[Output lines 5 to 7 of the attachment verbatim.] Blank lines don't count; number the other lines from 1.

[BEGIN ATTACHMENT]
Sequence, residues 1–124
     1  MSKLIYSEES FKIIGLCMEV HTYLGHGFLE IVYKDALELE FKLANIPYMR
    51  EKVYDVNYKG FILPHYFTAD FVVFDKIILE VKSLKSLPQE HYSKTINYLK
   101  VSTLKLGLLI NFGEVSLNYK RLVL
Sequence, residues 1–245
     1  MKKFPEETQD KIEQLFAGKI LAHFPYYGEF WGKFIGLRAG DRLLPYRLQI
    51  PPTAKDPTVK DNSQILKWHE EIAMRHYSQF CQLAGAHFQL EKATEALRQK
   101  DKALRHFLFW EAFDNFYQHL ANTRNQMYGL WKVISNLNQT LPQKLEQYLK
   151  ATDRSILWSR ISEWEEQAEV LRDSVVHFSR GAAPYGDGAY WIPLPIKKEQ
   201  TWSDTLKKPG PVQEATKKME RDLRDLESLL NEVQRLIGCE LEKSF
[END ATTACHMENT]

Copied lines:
Sequence, residues 1–245
     1  MKKFPEETQD KIEQLFAGKI LAHFPYYGEF WGKFIGLRAG DRLLPYRLQI
    51  PPTAKDPTVK DNSQILKWHE EIAMRHYSQF CQLAGAHFQL EKATEALRQK